Blindfolded Tibetan struggles to open UN eyes to atrocities
CHENNAI (TOI): Migmat Tenzin remains blindfolded everyday from 9am to 5pm. He has been doing this despite his doctor’s advice against it. The message on it reads: Wake up, UN. He and his friend Karma Dhondeep started the blindfold signature campaign on March 10, 2012 on the 53rd anniversary of Tibetan Uprising Day from Dharamsala and plan to cover 62 major cities of India before handing over the signatures in support of a free Tibet to United Nations Human Rights Council.
Migmat’s feet are scarred after his attempt to immolate himself in front of the Chinese embassy in Delhi in 2008. “Every Tibetan dreams that he is going to return to Tibet in his lifetime and we believe that justice and truth shall prevail,” he says. He says it is out of sheer desperation that Tibetans immolate themselves in protest against the Chinese aggression.
Dhondeep is overwhelmed by the support he has received from Indian youth. “Be it students of JNU, Delhi or the Tibetan Students’ Association of Madras University, youngsters have always support us,” he said. The struggle has been inspired by the tenets of Mahatma Gandhi and is essentially non-violent, says Tenzin Ohunstok, president of the Tibetan Students’ Association in Chennai.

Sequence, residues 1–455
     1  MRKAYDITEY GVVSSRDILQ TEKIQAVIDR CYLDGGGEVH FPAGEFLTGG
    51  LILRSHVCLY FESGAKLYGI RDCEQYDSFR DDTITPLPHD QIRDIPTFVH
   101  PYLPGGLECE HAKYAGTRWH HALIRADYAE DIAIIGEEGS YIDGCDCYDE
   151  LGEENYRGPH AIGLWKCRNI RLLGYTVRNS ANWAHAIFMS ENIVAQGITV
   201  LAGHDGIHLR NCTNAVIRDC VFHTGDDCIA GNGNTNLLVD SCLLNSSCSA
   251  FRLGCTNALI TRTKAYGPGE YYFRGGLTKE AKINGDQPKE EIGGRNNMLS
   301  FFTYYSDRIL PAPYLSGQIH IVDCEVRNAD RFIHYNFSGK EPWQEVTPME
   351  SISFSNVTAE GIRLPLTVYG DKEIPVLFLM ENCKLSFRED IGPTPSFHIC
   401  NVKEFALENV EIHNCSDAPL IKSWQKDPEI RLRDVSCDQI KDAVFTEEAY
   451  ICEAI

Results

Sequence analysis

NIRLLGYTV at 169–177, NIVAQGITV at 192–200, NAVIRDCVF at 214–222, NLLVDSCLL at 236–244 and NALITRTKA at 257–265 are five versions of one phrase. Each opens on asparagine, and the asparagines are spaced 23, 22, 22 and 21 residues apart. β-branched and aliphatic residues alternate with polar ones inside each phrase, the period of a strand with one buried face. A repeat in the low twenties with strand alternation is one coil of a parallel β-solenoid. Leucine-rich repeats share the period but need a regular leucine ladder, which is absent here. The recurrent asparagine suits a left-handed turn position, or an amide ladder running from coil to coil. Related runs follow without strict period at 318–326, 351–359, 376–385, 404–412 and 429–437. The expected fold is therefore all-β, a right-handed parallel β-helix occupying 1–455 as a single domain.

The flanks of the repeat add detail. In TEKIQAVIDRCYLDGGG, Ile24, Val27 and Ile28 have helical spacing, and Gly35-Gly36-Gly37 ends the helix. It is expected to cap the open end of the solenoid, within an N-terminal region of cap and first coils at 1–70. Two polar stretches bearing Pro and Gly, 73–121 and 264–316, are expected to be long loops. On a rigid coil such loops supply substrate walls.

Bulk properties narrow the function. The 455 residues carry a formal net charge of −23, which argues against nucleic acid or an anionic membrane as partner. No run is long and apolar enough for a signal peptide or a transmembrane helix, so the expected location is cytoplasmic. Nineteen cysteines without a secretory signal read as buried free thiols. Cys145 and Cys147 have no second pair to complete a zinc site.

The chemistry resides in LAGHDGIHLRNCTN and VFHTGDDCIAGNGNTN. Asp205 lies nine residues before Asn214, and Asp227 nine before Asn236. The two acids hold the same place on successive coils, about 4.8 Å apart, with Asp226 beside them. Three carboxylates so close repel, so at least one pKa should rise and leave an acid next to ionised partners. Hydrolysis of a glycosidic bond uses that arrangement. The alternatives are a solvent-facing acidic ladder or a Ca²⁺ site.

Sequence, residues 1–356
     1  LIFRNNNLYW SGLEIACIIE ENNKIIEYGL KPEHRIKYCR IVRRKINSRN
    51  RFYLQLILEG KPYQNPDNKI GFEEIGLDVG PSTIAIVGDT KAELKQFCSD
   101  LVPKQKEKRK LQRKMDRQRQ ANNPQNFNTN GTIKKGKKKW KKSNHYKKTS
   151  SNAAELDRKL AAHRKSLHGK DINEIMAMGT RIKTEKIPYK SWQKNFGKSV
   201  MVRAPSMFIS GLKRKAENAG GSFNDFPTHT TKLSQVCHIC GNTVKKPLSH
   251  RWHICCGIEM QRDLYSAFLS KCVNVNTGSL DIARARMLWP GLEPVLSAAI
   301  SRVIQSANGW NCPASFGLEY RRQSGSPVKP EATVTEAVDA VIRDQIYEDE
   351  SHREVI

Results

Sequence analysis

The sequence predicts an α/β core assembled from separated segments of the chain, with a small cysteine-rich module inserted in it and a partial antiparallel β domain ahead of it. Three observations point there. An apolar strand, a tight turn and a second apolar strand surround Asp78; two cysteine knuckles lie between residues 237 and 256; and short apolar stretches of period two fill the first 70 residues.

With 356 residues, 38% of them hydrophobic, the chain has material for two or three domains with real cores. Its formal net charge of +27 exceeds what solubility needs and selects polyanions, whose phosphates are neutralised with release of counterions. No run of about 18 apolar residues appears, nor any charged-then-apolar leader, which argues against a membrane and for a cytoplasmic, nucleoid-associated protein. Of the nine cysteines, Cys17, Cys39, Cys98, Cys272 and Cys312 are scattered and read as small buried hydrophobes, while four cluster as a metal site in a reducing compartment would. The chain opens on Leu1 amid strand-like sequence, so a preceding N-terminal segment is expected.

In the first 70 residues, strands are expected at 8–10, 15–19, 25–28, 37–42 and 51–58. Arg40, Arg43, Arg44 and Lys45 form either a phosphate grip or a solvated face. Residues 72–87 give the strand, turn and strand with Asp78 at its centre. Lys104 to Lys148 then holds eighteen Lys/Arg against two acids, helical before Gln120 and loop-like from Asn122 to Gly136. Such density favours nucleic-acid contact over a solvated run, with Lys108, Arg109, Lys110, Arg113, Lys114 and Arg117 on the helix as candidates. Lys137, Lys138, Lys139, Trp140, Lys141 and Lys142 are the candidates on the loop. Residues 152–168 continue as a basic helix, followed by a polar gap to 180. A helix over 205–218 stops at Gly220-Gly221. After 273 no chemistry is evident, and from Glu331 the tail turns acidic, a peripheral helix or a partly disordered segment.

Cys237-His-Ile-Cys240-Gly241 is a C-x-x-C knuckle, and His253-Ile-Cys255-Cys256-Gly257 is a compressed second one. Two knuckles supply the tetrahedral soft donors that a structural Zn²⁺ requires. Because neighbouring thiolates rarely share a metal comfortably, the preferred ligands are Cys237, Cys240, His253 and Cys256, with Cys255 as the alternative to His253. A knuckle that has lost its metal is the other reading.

“For five decades, every protest has been non-violent despite China’s belligerence towards peaceful protesters. We believe in the Dalai Lama’s method of peaceful talks and China is going to miss a huge opportunity if they don’t talk to him,” he says.
On the shape the movement would take after the Dalai Lama, they believe Kalon Tripa (Tibetan Prime Minister-in-exile) Lobsang Sangyey will return and lead the struggle of Tibetans. “The future of Tibet in the absence of the Dalai Lama is something that would perplex China and India more than us,” says Dhondeep.